Many methods for teaching people to read exist today. Reading mastery on the whole is made of many segments summed together. Reading programs have taken a fraction out of order, attempting to teach an end segment at the beginning. Some segments are left out entirely. This will frustrate a new reader. Sounding out letters is a great beginning and should not be omitted. But there is also a vital fraction of reading wholeness that should immediately follow sounding out, which shows the resemblance of rhyming and patterns in the smallest portions of words. These two, sounding out and identifying patterns, are most important to the mastery of reading. Sounding out makes accomplished goals stick in the mind. Showing small patterns in repetition through fun enhances faster learning.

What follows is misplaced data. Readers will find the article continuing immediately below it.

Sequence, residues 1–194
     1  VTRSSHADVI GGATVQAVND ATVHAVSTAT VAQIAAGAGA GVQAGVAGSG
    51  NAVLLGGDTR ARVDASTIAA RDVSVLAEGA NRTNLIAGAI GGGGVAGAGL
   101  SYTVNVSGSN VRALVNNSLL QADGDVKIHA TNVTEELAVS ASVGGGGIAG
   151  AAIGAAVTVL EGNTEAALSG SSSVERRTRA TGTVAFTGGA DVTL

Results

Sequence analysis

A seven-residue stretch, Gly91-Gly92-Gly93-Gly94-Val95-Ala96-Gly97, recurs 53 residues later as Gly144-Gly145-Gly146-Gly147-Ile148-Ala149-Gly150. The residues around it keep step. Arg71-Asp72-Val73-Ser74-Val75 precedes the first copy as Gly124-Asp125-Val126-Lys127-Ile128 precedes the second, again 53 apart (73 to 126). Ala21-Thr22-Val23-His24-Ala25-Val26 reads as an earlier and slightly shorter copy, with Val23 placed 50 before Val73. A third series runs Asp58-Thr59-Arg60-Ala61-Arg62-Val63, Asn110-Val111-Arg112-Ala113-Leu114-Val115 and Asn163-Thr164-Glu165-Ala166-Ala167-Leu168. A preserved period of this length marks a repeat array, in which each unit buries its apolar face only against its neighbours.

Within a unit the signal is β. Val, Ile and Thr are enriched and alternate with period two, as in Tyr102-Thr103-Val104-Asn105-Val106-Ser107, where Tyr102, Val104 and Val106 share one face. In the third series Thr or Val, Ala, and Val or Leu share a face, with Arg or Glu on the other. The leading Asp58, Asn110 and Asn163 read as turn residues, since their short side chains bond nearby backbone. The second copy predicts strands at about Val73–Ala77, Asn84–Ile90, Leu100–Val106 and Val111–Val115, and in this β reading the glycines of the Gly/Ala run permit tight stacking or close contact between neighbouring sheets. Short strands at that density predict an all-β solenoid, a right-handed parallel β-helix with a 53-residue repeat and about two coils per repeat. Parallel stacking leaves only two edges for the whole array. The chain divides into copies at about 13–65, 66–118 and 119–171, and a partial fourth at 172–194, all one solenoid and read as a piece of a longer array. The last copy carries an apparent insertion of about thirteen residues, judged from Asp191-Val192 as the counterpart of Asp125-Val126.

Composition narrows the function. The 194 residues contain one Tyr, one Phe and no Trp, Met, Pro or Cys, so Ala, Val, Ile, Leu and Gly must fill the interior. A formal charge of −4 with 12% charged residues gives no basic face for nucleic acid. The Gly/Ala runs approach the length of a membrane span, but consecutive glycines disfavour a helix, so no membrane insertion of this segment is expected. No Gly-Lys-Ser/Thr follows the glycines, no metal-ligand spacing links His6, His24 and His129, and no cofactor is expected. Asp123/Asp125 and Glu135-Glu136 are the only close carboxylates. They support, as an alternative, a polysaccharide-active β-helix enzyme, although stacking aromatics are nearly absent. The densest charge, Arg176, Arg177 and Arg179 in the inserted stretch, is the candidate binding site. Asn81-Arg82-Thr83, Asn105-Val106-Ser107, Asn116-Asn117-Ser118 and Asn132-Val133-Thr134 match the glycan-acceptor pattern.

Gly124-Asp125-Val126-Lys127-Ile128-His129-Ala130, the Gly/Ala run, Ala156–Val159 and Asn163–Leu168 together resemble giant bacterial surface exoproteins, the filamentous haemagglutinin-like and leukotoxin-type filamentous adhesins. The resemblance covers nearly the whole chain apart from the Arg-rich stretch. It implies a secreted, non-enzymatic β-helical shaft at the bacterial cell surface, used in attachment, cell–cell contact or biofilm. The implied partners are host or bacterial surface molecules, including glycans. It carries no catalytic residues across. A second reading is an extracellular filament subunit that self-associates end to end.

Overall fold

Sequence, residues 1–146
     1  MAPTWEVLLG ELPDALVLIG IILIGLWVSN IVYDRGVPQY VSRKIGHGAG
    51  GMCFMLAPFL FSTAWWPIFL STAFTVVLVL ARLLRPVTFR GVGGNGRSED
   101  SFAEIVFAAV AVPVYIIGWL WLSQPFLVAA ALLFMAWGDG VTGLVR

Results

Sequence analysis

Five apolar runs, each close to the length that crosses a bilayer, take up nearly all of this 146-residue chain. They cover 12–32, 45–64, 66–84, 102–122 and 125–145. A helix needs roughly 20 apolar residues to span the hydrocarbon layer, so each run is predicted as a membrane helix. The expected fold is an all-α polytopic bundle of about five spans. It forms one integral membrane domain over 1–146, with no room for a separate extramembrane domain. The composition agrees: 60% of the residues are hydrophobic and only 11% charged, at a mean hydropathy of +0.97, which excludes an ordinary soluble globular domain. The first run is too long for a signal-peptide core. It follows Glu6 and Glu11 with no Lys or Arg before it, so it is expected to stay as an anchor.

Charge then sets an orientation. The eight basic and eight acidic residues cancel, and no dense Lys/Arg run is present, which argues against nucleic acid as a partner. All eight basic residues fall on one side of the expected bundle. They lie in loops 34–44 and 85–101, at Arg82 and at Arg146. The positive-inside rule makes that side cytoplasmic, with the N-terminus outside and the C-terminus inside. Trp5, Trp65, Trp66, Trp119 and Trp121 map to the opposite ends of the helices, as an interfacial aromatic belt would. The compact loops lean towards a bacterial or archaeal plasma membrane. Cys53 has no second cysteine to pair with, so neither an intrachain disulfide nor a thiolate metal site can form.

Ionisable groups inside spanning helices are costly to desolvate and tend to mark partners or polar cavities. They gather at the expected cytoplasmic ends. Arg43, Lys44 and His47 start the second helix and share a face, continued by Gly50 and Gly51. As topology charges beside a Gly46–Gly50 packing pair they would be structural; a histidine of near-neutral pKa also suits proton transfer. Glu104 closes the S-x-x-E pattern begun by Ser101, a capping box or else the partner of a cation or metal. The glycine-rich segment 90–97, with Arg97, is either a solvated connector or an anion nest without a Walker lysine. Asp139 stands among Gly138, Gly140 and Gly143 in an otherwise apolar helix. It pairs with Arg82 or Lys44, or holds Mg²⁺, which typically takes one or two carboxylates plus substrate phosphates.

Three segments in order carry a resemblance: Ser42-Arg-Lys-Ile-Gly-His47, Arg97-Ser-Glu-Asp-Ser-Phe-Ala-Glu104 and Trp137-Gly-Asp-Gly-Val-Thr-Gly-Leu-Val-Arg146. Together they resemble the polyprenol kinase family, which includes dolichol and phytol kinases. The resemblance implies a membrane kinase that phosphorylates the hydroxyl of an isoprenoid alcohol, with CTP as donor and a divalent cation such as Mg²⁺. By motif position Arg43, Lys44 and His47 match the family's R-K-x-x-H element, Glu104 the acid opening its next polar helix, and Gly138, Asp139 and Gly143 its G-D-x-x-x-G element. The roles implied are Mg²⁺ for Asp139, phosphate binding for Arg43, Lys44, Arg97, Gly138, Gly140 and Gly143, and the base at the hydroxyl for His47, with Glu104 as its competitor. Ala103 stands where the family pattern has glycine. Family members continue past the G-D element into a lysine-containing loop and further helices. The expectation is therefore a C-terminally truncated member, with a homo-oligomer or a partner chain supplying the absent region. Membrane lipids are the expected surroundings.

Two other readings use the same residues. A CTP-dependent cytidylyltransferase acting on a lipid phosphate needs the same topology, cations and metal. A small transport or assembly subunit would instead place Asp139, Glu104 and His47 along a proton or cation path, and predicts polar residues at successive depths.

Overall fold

The title for this book, Reading Mastery Prescription, came about while I was pondering the book's utility for those who would teach reading. I visualized the analogy of someone who is illiterate meeting with a reading teacher just as a sick person must go to the doctor, seeking a cure for an illness. The doctor will write a prescription and discuss other things that can be done to assist with optimum health. The medication must be taken in the exact dose and method as prescribed, over a period of time, until the illness is conquered. The reading teacher and aspiring teachers can prescribe these easy lessons and use this straightforward method of reading instruction to cure a person's illiteracy. The lessons should be followed exactly, without skipping a dose, and in the order set out until illiteracy is conquered. Whether the student is young, middle-aged, or elderly, if the teacher prescribes this reading method and the student applies it, reading will produce its own joys and great satisfaction.